Laplace's rule of succession

5Jsevillamol

3Ege Erdil

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2 comments, sorted by Click to highlight new comments since: Today at 1:54 PM

Solid post - it is good to have the full reasoning for Laplace's rule of succession in a single post instead of buried in a statistics post. I also liked the discussion on how to use it in practice - I'd love to see a full example using actual numbers if you feel like writing one!

On this topic I also recently enjoyed UnexpectedValues post. He provides a cool proof / intuition for the rule of succession.

Yeah, Neyman's proof of Laplace's version of the rule of succession is nice. The reason I think this kind of approach can't give the full strength of the conjugate prior approach is that I think there's a kind of "irreducible complexity" to computing for non-integer values of . The only easy proof I know goes through the connection to the gamma function. If you stick only to integer values there are easier ways of doing the computation, and the linearity of expectation argument given by Neyman is one way to do it.

One concrete example of the rule being used in practice I can think of right now is this comment by SimonM on Metaculus.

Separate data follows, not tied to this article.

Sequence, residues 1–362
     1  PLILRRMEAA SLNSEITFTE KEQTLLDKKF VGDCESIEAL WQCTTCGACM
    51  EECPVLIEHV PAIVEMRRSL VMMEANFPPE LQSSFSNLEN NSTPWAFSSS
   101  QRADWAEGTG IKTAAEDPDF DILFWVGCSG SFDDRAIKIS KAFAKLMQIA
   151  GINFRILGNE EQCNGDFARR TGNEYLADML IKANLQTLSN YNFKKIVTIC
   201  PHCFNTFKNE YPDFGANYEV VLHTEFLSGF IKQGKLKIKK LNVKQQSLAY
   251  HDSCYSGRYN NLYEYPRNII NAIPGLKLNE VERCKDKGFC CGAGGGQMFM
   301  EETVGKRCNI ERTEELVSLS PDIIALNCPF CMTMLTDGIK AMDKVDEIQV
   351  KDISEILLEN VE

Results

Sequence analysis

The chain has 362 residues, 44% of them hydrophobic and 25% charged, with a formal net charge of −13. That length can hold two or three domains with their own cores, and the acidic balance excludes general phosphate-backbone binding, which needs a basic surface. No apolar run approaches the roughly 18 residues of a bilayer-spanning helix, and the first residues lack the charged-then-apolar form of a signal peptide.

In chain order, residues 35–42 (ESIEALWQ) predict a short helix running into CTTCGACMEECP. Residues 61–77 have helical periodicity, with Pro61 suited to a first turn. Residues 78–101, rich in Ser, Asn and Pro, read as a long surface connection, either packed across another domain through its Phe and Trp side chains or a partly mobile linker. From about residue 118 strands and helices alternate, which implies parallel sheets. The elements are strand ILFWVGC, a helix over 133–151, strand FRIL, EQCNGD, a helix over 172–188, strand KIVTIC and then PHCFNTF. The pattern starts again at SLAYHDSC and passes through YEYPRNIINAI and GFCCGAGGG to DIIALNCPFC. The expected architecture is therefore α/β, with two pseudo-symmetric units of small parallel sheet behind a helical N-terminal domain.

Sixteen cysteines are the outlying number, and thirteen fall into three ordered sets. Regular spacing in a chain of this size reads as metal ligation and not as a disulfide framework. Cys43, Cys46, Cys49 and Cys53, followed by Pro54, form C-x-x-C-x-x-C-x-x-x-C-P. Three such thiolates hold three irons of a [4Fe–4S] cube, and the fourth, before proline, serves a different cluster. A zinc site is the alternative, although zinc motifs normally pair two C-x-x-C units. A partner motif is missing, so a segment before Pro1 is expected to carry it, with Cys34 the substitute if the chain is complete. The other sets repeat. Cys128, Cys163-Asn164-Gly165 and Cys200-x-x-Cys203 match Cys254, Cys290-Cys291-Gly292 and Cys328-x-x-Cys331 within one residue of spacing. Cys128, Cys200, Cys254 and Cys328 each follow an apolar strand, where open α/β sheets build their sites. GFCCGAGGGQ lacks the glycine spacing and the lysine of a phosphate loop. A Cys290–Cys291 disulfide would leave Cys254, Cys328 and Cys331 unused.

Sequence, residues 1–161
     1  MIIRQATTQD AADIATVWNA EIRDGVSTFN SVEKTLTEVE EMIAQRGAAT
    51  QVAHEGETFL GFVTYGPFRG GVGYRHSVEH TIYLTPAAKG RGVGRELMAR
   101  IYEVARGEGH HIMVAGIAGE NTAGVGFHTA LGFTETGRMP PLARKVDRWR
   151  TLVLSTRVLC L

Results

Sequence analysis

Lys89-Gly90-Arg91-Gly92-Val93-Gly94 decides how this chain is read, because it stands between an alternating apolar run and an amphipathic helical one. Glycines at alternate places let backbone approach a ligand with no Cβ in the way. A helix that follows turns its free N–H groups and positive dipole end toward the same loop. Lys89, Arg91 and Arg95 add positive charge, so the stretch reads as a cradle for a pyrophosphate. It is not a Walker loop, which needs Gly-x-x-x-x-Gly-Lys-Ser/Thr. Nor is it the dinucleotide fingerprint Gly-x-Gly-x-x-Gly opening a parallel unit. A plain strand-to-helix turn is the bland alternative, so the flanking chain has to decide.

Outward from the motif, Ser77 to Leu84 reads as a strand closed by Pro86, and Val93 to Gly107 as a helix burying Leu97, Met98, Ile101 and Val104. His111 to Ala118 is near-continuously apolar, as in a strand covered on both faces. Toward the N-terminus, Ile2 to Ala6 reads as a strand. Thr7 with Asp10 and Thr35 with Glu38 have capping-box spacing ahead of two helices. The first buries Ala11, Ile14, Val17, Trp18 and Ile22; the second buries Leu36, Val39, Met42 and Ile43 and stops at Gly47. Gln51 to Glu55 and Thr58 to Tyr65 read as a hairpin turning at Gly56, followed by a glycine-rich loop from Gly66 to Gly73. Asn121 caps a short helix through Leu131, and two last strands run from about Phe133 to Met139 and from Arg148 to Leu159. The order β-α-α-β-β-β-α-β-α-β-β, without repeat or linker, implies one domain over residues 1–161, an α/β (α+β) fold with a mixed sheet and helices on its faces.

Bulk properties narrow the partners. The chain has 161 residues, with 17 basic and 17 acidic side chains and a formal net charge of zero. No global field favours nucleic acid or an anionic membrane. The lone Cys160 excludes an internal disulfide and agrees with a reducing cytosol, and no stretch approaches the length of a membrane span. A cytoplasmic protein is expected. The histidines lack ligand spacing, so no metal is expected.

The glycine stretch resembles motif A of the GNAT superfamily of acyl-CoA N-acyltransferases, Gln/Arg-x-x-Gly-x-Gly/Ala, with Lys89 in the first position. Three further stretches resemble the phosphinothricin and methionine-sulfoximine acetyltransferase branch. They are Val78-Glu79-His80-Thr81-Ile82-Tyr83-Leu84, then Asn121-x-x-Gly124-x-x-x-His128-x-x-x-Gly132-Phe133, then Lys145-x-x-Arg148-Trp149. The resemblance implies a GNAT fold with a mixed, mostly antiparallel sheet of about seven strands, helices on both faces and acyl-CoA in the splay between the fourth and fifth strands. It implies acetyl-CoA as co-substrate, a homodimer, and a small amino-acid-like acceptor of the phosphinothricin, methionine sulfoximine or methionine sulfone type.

Laplace's rule of succession is a commonly used heuristic in forecasting the occurence of events which have little to no historical precedents. The basic problem setup is this: suppose you flip a coin with an unknown bias N=H+T times and get H heads and T tails. We want to infer something about the bias p of the coin from this information, where we define p to be the probability of the coin coming up heads.

One obvious idea is to estimate p by ^p=H/(H+T). This works well if we have some decent number of heads and tails, but it fails badly in the edge case where the tosses are very imbalanced. In the extreme case, if we get all heads and no tails, we would be estimating ^p=1 which is obviously a bad estimate: it implies that we're sure the coin has a probability 1 of coming up heads, which seems like an extreme inference to make from a sequence of N heads. After all, if we merely had p<1/(2N), we would not expect to see any heads to begin with. An inference that goes beyond this bound seems intuitively unjustified.